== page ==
Story: Roller skating and skateboarding

Roller skating and skateboarding have been popular pastimes, especially among children. They are both also competitive sports in which New Zealanders have gained success at an international level.

Story by Kerryn Pollock
Main image: Mike Bancroft skates the bowl at the Porirua skateboard park in 2008

Story Summary

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Roller skating

People began roller skating in the mid-1860s. It became especially popular during the 1880s. Most towns and cities in New Zealand had at least one skating rink – the first was probably in Hokitika, which was open by 1866.

At first people skated for recreation, but it developed into a sport. The New Zealand Roller Skating Association, which held national speed and artistic competitions, was founded in 1937. New Zealanders have competed successfully at an international level since 1955. People also play roller hockey.

In the mid-20th century outdoor concrete rinks were built in many towns and cities. Skating became popular again in the early 1980s.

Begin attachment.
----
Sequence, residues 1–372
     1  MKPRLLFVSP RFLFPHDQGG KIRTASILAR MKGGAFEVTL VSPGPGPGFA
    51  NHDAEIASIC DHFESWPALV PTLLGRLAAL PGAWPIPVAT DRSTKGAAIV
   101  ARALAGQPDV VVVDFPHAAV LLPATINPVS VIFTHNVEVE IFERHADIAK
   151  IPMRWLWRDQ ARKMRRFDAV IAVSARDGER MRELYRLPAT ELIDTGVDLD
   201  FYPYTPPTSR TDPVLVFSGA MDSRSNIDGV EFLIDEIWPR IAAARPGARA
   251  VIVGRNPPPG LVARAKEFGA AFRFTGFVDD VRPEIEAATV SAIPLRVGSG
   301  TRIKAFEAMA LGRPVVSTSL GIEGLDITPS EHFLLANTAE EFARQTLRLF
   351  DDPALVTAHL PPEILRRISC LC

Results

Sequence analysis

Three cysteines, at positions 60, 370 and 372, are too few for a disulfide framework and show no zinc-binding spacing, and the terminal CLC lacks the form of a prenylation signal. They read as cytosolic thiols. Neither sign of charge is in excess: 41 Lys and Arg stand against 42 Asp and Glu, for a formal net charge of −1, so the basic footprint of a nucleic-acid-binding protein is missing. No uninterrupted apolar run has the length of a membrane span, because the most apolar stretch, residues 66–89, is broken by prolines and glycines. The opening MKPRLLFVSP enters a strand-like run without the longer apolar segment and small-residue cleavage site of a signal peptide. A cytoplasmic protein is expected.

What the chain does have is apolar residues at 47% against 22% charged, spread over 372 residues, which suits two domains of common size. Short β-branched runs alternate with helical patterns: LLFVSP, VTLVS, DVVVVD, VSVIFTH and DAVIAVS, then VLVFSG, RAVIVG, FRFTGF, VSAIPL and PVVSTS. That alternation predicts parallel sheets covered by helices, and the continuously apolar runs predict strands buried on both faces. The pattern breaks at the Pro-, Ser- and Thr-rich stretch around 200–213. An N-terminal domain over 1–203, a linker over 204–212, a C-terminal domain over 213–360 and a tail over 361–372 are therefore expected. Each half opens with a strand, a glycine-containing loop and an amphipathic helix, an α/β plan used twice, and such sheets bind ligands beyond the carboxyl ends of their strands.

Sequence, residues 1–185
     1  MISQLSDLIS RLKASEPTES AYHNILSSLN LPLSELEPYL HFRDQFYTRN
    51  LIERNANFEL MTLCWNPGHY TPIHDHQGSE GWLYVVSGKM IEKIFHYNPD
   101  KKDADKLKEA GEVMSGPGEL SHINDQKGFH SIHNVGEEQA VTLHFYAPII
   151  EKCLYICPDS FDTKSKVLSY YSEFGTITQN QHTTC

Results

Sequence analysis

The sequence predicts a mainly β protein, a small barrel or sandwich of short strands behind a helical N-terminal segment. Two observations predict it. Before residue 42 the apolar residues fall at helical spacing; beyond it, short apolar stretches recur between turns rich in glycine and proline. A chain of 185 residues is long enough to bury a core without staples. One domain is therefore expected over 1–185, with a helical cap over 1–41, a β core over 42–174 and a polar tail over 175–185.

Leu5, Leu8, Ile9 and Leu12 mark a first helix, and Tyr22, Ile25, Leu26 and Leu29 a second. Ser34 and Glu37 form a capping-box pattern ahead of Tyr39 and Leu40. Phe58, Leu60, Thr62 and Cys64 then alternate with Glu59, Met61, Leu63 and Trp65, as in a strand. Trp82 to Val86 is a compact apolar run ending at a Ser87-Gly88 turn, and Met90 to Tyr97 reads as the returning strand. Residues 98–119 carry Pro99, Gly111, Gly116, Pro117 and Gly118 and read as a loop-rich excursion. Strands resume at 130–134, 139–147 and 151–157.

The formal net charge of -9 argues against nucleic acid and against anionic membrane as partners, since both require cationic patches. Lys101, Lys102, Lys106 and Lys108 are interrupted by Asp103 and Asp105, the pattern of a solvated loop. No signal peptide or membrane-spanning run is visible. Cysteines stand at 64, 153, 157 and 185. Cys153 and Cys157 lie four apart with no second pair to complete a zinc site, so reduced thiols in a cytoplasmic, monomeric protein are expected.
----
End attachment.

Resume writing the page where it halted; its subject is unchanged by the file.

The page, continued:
In the 2000s roller derby, a women’s contact sport on roller skates, grew in popularity. In 2012 there were 21 roller derby leagues around New Zealand.

Skateboarding

Skateboarding started in the 1950s in the United States as a way of ‘street surfing’. At first people made their own boards, but then commercially made boards became available. Skateboarding became very popular in the 1970s, especially amongst young men. People skateboarded where ever they could – on roads, footpaths and car parks. In the later 1970s skateboard parks were built, though some closed after the 1970s craze ended. Skateboarding became popular again in the late 1980s.

Skateboarding competitions have been held in New Zealand since the 1970s and several New Zealand skateboarders have become well-known internationally.

How to cite this page:

Kerryn Pollock, 'Roller skating and skateboarding', Te Ara - the Encyclopedia of New Zealand, http://www.TeAra.govt.nz/en/roller-skating-and-skateboarding (accessed 23 July 2018)

Story by Kerryn Pollock, published 5 Sep 2013